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Here’s Why Your Baby Keeps Yanking Out Their Own Hair

It looks like it hurts, but it actually fulfills a lot of needs for your baby.

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Babies are fascinating little creatures, aren't they? Before they can speak, they can communicate with you in a variety of ways, even if it looks like it hurts, like when babies pull their own hair. Turns out that even then, they're sending you a message. It’s up to you as a parent to decode exactly what it means.

Charisma Garcia, M.D., board-certified pediatrician at Texas Children’s Health Plan The Center for Children and Women, tells Romper in an interview that a baby tugging on their hair could be their way of soothing themselves. Or, maybe they just realized, “Hey, I have hair on my head!”

Hair Play Is Self-Soothing & Helps Babies Explore

“Children have a variety of very interesting self-soothing behaviors. It is not unusual for them to pull on their hair, yank at their ears, bite their nails, and sometimes even bang their heads on the walls,” Garcia says. “It is natural for them to be curious and want to learn about their growing bodies. It might be the first time they realize they have hair, or know how to use their little hands to explore. Babies love different sensations and textures and may find the feel of their hair enticing. All babies are curious; that is how they learn.”

In an interview with Romper, Jen Trachtenberg, M.D., a pediatrician, author and creator of Pediatrician in Your Pocket, agrees with Garcia about that exploration idea. "Baby may often start touching or playing with their hair as they begin to explore their environment that's within reach of their little arms and hands. Most often this fascination disappears on its own when something else gets their attention. For some infants, it may continue and become a comforting way to calm or self-soothe, especially when baby is overtired, upset, hungry, or even bored."

But Babies.co, a UK-based parenting website, noted that when a baby under the age of 12 months pulls their own hair, it can be a sign of stress. For a baby, that usually means being upset, tired, or irritated about something. By pulling on their own hair, it is an attempt to self-soothe and feel in control of the situation around him.

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Take Notice Of When Your Baby Is Pulling Their Hair

Many parents struggle with the issue of baby's hair pulling in some form or another, and it usually happens around bedtime. Experts agree that if your baby pulls their hair shortly before going to sleep, it is a sign of tiredness. Putting them to bed earlier is one attempt at a solution. Next, if your baby pulls their hair when they get upset, it's likely a reaction to feeling stressed or anxious. Give lots of cuddles and reassurance and once again, take notes.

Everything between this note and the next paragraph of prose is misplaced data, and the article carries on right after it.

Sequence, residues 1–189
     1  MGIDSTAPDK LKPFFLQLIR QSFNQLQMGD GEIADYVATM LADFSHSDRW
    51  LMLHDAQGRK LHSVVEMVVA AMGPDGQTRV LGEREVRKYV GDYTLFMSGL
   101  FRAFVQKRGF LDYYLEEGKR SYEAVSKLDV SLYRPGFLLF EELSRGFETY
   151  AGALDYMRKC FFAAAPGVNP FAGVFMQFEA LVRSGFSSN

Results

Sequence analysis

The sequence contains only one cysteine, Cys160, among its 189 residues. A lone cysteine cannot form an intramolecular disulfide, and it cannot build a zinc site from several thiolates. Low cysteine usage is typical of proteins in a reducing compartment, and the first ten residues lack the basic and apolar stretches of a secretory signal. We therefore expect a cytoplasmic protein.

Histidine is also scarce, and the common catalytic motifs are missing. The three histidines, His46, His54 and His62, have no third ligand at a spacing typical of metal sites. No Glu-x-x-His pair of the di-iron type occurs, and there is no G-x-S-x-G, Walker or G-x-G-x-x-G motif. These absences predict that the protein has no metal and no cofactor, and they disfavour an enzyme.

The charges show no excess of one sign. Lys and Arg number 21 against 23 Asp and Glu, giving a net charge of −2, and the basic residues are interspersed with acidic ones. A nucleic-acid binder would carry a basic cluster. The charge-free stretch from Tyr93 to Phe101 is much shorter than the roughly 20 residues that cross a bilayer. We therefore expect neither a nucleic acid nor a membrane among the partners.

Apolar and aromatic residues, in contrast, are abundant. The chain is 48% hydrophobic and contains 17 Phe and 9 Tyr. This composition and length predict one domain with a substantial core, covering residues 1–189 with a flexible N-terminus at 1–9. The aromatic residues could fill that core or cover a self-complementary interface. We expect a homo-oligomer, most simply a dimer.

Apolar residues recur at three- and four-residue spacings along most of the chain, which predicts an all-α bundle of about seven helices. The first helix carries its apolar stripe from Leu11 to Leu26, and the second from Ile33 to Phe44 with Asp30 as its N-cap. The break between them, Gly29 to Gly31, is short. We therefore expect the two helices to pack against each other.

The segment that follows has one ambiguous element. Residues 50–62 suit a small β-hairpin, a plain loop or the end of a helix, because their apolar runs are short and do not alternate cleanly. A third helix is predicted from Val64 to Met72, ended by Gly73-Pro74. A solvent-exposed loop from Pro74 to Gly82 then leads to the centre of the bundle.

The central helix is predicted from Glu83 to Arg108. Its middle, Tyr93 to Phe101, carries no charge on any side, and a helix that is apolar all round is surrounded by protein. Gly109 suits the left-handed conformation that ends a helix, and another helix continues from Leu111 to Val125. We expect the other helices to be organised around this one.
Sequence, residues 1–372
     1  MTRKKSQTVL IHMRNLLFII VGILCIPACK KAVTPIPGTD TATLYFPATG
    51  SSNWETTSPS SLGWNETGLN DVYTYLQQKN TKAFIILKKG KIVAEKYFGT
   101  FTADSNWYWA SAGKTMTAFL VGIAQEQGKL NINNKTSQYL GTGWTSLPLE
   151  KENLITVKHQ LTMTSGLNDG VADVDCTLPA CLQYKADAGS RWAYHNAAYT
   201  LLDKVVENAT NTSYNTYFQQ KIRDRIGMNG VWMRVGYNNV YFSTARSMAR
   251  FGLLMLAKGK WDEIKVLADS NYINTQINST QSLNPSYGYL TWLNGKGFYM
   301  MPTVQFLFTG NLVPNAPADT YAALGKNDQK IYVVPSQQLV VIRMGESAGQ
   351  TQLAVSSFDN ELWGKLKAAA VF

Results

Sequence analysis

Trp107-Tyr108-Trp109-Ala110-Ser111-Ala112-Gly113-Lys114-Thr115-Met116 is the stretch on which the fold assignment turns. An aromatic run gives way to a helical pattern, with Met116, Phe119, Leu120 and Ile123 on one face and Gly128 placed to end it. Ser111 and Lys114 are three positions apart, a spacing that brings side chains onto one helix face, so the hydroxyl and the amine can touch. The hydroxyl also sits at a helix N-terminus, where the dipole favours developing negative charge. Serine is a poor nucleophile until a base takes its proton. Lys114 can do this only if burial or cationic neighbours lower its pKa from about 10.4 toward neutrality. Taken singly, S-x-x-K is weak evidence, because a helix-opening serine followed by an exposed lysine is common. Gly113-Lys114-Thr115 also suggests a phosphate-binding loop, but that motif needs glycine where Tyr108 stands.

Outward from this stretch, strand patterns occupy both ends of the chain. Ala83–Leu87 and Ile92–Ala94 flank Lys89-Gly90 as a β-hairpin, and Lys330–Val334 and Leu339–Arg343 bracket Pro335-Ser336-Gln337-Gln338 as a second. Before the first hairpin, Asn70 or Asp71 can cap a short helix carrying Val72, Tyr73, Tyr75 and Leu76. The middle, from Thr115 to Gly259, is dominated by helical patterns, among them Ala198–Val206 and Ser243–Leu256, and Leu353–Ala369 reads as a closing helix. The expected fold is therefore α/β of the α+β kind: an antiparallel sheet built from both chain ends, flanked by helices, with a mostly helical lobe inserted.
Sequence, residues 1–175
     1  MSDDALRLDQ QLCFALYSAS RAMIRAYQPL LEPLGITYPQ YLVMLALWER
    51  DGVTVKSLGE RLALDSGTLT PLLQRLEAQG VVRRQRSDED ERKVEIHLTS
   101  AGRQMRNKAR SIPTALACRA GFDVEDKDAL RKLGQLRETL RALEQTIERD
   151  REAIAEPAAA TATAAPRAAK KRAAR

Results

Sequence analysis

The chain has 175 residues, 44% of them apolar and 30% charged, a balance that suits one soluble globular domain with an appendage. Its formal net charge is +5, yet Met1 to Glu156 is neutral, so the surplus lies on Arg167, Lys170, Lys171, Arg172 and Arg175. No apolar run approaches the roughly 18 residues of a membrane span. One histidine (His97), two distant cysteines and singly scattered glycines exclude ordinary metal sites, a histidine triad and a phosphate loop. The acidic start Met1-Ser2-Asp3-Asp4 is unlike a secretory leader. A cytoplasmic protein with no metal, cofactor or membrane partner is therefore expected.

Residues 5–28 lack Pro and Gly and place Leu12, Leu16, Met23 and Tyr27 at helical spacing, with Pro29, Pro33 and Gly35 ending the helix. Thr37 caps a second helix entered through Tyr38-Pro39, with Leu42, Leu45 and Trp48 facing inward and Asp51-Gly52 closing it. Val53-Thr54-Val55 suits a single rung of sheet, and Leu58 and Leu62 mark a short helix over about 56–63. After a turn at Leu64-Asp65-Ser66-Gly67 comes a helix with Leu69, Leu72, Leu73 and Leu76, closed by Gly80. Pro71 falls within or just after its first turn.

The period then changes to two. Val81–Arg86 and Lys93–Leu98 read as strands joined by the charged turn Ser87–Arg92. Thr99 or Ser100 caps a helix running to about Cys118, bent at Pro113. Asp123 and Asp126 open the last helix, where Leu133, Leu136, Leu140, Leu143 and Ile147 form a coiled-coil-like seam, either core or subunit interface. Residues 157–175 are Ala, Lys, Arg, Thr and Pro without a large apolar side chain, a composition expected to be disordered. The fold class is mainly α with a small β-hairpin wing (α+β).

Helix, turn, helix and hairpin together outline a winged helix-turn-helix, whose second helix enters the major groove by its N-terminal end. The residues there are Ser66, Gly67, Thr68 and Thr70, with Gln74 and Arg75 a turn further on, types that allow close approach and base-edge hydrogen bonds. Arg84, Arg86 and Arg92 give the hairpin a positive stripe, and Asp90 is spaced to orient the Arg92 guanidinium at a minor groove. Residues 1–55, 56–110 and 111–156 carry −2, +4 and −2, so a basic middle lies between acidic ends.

“Remember, your infant cannot verbally communicate their emotions so look for cues that they might be dealing with stress, exhaustion, or overstimulation,” says Garcia. “If they are fussy, distracted, or not interested in their favorite toys, they are likely due for more nap time. A daily schedule can help with this goal; babies love a structured schedule. A schedule provides reassurance, predictability and comfort. Remember, a daily schedule is not only beneficial to you, but also helps little ones know what their expectations are and reduces stress that necessitates self-soothing behavior.”

Does any of this sound familiar? If you've noticed your baby pulling his hair, it's important to observe your child to see if there's a pattern to when and where he is pulling his hair. These findings will be helpful for any potential conversations you have with your pediatrician on the subject.

Hair pulling can sometimes be a sign of something more serious. According to the Mayo Clinic, trichotillomania, also called hair-pulling disorder, is a mental disorder that involves recurrent, irresistible urges to pull out hair from your scalp, eyebrows or other areas of your body, despite trying to stop. The Trich Stop website reports that while trichotillomania is most likely to begin between the ages of 9 and 13, but any person can develop trichotillomania at any age, and it has been reported among infants as young as 1. It’s very rare, but something to keep in mind if you notice your baby is missing a significant amount of hair.

“Though odd, hair pulling may not always be due to a mental or physical health concern,” says Garcia. “If you are concerned this behavior seems out of character for your baby, call your pediatrician.”

Sources:

Jen Trachtenberg, M.D., pediatrician, author and creator of Pediatrician in Your Pocket

Charisma Garcia, M.D., board-certified pediatrician, Texas Children’s Health Plan The Center for Children and Women

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